Organised by the Georgetown University School of Foreign Service in Qatar, the conference raised more intense and heart-felt debates than many other Model UN meetings.

 

It brought together students from schools in a Middle East beset by conflict.

 

"I saw how people are living differently, enjoying their time. In Gaza it's all the time shooting and dying. It's different"

Al'a Hamouda, AISG

For some Palestinian students, it was their first time leaving Gaza, in itself an eye-opening experience.

 

Al'a Hamouda, from the American International School of Gaza (AISG), said: "I saw how people are living differently, enjoying their time. In Gaza it's all the time shooting and dying. It's different."

 

Alia Oriban, an AISG teacher, said: "Exposing the children from different cultures and societies has opened the minds of all the students."

 

Young diplomats

 

For the children, it was a unique opportunity to take on the roles of senior diplomats.

 

Dana Al Kahlout, the mock "vice chair of the UN Security Council", said the conference was a "window that we, as future leaders, can look through to see the world".

 

Almost 450 students took part in the Model UN
"It allows us to step into another person's position and be them, act like them, understand them, and represent them well."

 

But not all of the children were inspired to become tomorrow's diplomats, particularly those from the occupied Palestinian territories.

 

Waseem Uschev, an AISG student, said: "It was a good experience, but I want to be an engineer.

 

"I don't like wars and things like that. I want to be in my own business."

 

Fellow student, Al'a, wanted to work in the emergency services. "We see many things like this so I guess it is not a surprise," she said.

 

Border worries

 

AISG could not afford the journey to the first model UN conference in Cairo last year due to a lack of funds. But, the financial crisis in Gaza was not the only reason.

 

"If these kids were running the world, it would probably be a better place"

Alia Oriban, AISG teacher

Thankful that she was present at all during the conference, Alia said: "We were very blessed that the border was open.

 

"We never know when the border is open. The minute I crossed the Rafah border, I knew I was coming to Qatar."

 

The American International School in Tel Aviv hosted a conference to which AISG were invited in 2005, but Alia pointed out that all but two of the students were refused entry.

 

One of those allowed to enter was picked up by the Israeli army and sent back after 24 hours.

 

She said: "Young people in Palestine between 18 and 35 have little hope of a good education firstly because many can't afford it, and secondly, if they get scholarships elsewhere, they can't leave.

 

"I have to explain to my kids what it feels like to be on a boat, on a rollercoaster, in a museum. Gaza has no theatre, no ballet, nothing.

 

"All that stands between us and whatever terrible abyss is out there is our ability to talk to each other"

Tim Sebastian, journalist

"As they grow, the kids lose their teenage years. Not because of lack of education, but because of overexposure."

 

She described how Palestinian children can "differentiate between the bullets of a 100-calibre gun, a 1000-calibre gun," and how "an F16 fighter aircraft over their head doesn't even make them flinch".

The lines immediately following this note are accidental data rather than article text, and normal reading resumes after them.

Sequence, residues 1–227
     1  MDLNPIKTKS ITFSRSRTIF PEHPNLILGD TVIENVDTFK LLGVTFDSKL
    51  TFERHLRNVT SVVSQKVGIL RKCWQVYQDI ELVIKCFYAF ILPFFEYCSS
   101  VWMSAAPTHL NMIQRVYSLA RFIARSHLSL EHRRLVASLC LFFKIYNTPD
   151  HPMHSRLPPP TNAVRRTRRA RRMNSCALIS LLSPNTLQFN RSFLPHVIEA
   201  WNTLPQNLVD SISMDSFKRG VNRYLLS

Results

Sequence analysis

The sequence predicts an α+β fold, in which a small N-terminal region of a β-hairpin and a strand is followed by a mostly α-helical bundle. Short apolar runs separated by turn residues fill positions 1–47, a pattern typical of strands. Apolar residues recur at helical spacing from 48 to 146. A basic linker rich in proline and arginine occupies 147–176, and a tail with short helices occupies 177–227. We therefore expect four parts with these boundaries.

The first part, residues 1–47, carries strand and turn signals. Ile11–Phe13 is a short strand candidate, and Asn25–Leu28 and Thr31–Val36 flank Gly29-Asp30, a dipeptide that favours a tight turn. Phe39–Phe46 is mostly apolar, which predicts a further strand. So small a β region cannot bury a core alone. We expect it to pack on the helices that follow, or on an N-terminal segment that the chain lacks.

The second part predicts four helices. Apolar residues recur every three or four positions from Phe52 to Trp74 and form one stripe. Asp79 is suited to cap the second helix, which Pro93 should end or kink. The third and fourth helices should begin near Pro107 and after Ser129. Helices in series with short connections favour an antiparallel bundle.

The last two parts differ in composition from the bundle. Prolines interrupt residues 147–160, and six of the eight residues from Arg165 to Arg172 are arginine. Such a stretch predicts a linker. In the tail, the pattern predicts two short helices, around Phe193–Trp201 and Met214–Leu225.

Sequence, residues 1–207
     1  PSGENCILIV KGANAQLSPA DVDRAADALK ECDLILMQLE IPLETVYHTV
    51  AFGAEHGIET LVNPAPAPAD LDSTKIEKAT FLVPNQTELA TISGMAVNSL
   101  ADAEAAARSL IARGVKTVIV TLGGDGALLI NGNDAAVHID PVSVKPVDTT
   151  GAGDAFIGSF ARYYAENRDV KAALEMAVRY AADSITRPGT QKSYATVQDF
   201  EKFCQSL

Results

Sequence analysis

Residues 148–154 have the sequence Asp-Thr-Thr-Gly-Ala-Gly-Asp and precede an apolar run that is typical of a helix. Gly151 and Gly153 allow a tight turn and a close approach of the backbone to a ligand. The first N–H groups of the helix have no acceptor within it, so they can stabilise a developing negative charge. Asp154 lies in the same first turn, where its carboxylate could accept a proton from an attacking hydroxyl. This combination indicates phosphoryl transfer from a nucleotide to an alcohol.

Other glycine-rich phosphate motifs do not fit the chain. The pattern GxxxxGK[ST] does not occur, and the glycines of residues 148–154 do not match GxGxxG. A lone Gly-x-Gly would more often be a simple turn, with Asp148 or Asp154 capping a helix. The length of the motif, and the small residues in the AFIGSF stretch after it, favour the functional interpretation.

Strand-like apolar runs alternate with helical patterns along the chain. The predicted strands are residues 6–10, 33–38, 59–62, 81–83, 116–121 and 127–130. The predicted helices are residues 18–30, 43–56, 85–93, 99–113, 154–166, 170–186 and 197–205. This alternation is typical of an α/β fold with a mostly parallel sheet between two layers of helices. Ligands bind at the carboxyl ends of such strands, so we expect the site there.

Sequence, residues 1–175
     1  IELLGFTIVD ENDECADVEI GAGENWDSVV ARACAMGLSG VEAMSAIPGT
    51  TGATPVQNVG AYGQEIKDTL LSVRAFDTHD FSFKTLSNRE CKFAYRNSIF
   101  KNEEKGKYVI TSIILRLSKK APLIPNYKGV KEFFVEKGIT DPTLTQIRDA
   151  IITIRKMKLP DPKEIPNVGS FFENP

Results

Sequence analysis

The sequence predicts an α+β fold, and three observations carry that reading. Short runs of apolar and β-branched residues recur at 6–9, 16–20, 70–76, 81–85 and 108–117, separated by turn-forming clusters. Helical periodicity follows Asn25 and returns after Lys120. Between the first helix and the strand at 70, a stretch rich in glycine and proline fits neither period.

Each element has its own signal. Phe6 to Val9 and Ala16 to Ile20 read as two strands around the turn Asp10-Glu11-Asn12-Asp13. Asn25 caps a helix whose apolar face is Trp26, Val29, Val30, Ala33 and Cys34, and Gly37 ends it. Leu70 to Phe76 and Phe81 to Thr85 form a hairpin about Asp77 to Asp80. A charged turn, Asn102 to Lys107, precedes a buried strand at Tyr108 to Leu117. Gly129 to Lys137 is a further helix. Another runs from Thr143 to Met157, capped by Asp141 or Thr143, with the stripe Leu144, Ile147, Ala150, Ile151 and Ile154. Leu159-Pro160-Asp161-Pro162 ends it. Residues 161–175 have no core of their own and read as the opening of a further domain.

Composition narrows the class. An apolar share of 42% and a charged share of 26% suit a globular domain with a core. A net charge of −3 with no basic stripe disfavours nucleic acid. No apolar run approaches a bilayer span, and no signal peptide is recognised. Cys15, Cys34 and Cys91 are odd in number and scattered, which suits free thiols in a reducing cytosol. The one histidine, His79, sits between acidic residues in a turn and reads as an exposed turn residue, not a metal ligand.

"All this exposure has stopped their natural journey from youth to maturity."

 

Equal representation

 

The students' hopes and aspirations in the mock conference echoed those of people everywhere.

 

Bahrainis Khalid and Jassim enjoyed their roles
Two Arab students from Bahrain had to slip into somewhat uncomfortable shoes and represent Israel.

 

Jassim Al Aimer, from Bahrain Bayan School, said: "We got to socialise with some Israeli students who were okay. They were friendly, and it was a good experience."

 

He, and fellow school friend Khalid Al Shawi, were driven by other global issues.

 

"I wish that world hunger is solved and no one is hungry in the world. I wish that the Iraqi conflict will end as soon as possible."

 

But the situation on the ground for most Palestinian children is entirely different to that of the privileged surroundings of a Doha hotel.

 

Alia said: "When you try to tell the children that the majority of Israelis are normal people, in normal homes, watching television, it's difficult for them to imagine them as anything but soldiers, as helicopter pilots, or tank drivers."

 

Communication

 

Many of the Palestinian children from both Ramallah and Gaza, gathered around the table of the Israeli ambassador to Qatar. They asked questions about the poor conditions in Gaza, the fighting, and the future.

 

Two young Gazan students wanted to give the ambassador a badge of the Palestinian flag as a symbolic gesture.

 

Tim Sebastian, a veteran journalist, made a keynote address at the conference which, though sombre, inspired many of the students.

 

He said:

Al'a, left, and Khalid hope for a better future
"All that stands between us and whatever terrible abyss is out there is our ability to talk to each other.

 

"If we can't somehow urgently improve on those communication skills, generations are going to go on dying locked into the same cycle of violence that we have so conspicuously failed to break."

 

Unfortunately for the students from Gaza, they will now have to spend a week in Cairo waiting for the Rafah border to open, before they can return to their school and their families.

 

But Alia reflected on a positive conference for the students.

 

"Everybody was here to try, to change, to revolutionise. I would love to see some of them in the real United Nations.

 

"If these kids were running the world, it would probably be a better place."